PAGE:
IBS (Irritable Bowel Syndrome) is a common, long-term problem.
Different people show different symptoms and some people are affected more severely than others. The symptoms may last for a few days or for a few months and may be associated with eating certain foods or periods of stress. Estimates suggest that one in five people may experience IBS, which usually develops when people are in their twenties. Estimates suggest that twice as many women are affected as men.
There is no cure for IBS. The National Institute for Health and Care Excellence (NICE) recommends hypnotherapy as a treatment.
NICE recommend that people living with IBS who do not respond to pharmacological treatments after 12 months, consider a referral for psychological interventions, such as cognitive behavioural therapy (CBT), hypnotherapy, and/or psychological therapy.
The most common symptoms of IBS (according to http://www.nhs.uk) are:
abdominal (stomach) pain and cramping, which may be relieved going to the toilet
a change in your bowel habits – such as diarrhoea, constipation, or sometimes both
bloating and swelling of your stomach
excessive wind (flatulence)
occasionally experiencing an urgent need to go to the toilet
a feeling that you have not fully emptied your bowels after going to the toilet
passing mucus from your bottom.
Some IBS sufferers also experience:
bladder problems (such as needing to wake up to urinate at night, experiencing an urgent need to urinate, and difficulty fully emptying the bladder)
pain during sex (dyspareunia)
Because of the impact IBS has on a person, they may also have feelings of depression and anxiety.
The cause of IBS is unknown, although there are suggestions that it’s related to problems with digestion and increased sensitivity of the gut. There are suggestions that food passes through the GI tract too quickly, causing diarrhoea. Or it passes through too slowly, causing constipation. Or that it doesn’t pass through at all. Or it may be that the brain becomes oversensitive to messages from the gut, so mild indigestion feels like severe abdominal pain. And often a period of IBS can start after a stressful event. Other triggers for IBS include: alcohol, fizzy drinks, chocolate, caffeine-containing drinks, processed snacks (crisps and biscuits), and fatty or fried food
Diagnosing IBS is difficult because there is no specific test. Often their doctor will exclude other causes first such as IBDs (Inflammatory Bowel Disease) like Crohn’s or ulcerative colitis, which leave inflammatory markers in their blood tests.
Cochrane looked at the research evidence and found that the studies provide some evidence that suggest that hypnotherapy might be effective in treating IBS symptoms including abdominal pain. However the results of these studies should be interpreted with caution due to poor study quality and small size.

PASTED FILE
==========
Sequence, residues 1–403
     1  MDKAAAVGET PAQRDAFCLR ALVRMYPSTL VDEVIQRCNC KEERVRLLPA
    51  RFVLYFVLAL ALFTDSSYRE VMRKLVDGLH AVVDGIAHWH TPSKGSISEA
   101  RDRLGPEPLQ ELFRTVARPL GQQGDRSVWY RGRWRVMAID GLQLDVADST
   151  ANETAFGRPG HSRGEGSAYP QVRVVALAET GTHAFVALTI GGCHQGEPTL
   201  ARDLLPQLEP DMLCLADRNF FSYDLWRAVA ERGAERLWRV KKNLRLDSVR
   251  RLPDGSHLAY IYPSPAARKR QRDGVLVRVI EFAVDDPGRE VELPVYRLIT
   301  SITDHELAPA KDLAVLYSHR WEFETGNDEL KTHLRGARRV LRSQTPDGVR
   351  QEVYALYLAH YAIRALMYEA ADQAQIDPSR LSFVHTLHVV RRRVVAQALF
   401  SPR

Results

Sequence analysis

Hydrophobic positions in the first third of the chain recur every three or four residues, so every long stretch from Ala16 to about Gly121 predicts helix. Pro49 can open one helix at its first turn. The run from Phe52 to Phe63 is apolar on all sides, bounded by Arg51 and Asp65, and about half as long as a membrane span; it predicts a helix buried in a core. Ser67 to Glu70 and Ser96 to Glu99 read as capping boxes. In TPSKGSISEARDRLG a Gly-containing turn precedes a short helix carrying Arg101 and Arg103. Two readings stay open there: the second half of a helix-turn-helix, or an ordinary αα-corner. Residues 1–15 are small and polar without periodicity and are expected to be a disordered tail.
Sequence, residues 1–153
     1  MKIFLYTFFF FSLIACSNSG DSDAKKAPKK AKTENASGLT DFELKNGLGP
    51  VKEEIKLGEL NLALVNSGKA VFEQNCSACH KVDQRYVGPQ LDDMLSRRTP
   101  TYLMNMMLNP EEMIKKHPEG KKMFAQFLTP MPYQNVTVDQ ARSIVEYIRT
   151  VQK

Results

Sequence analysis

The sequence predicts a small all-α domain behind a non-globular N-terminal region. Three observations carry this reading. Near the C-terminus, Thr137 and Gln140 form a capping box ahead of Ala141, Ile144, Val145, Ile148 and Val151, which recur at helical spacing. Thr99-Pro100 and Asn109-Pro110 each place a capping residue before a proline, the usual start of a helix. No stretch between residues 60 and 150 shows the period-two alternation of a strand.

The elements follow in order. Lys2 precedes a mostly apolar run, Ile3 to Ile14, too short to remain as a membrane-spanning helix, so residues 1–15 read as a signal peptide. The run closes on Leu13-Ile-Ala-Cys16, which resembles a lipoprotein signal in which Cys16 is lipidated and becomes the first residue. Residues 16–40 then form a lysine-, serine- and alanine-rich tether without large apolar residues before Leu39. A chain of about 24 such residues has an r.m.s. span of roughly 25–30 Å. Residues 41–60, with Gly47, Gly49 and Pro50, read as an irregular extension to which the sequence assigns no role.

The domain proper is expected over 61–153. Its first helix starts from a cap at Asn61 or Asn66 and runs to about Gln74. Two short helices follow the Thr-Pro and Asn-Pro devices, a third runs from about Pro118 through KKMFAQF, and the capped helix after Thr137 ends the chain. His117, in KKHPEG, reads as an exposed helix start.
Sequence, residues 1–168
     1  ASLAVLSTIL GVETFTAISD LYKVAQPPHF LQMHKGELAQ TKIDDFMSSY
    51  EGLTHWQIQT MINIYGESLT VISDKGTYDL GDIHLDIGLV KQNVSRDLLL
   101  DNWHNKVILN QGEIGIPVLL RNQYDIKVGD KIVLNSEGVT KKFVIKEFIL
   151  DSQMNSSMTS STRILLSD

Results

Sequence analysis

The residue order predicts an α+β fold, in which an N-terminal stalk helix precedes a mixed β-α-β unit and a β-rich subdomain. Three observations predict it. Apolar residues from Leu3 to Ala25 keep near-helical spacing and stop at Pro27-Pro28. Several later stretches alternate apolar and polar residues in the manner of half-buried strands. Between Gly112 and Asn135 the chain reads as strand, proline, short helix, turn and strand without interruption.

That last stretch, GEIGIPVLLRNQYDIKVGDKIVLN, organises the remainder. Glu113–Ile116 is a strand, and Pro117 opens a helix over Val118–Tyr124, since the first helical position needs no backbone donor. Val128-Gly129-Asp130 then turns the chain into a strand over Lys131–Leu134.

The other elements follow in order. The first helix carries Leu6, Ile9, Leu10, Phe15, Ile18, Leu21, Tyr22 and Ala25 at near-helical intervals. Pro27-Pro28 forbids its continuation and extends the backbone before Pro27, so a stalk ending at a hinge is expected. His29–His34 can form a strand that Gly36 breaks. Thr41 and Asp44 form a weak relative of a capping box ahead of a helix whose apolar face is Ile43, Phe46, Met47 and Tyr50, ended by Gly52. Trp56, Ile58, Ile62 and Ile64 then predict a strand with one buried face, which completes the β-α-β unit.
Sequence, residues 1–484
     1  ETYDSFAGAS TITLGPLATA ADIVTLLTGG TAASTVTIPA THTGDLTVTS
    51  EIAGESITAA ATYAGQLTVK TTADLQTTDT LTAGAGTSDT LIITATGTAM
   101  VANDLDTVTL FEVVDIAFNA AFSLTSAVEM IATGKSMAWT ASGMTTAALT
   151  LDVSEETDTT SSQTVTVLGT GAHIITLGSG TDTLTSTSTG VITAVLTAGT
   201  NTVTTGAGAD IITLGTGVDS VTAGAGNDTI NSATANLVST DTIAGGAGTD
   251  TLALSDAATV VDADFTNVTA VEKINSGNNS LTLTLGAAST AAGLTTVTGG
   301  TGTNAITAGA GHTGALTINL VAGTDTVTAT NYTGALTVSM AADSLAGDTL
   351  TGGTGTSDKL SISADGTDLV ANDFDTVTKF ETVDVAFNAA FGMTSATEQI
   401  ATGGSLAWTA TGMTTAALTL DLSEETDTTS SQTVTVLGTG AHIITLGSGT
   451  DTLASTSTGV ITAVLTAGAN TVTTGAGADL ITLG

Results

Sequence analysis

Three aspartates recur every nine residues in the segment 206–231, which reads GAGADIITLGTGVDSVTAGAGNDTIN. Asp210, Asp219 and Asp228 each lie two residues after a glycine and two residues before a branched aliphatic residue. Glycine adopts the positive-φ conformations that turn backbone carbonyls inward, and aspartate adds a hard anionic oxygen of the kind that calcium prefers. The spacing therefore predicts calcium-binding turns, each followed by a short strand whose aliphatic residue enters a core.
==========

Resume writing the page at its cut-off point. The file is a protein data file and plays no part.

As well as hypnotherapy, people with IBS may try keeping a food diary to identify any foods that seem to trigger an episode. People with diarrhoea may try cutting down on the insoluble fibre (wholegrain bread, bran, cereals, and nuts and seeds). If they have constipation, they might try increasing the amount of soluble fibre they eat and the amount of water they drink. If a person has persistent or frequent bloating, they might try a low FODMAP (Fermentable Oligosaccharides, Disaccharides, Monosaccharides And Polyol) diet. FODMAP carbohydrates (fruits and vegetables, animal milk, wheat products, and beans) aren’t easily broken down and absorbed by the gut. As a result, they start to ferment in the gut relatively quickly, and the gases released can lead to bloating. Many people say that exercise helps to relieve their symptoms of IBS. The exercise needs to be strenuous enough to increase a person’s heart and breathing rates. Some IBS sufferers take anti-spasmodic drugs, some are on laxatives, others are prescribed antimotility medicines (for diarrhoea), and others may be using peppermint oil. Some people find taking probiotics regularly helps to relieve their symptoms of IBS. And some people will be taking antidepressants.
One of the main benefits of hypnotherapy for IBS is that it can help a client to relax, which, in turn, can help them to manage stress – to empty their stress bucket. It can also be used to help the client to visualize themselves coping and decreasing their sensitivity to messages from their gut. Hypnosis can also improve a client’s general mental well-being, and provide psychological coping strategies for dealing with distressing symptoms, as well as help suppress thoughts and behaviours that increase the symptoms of IBS.
Based on an article from AfSFH written by T Eddols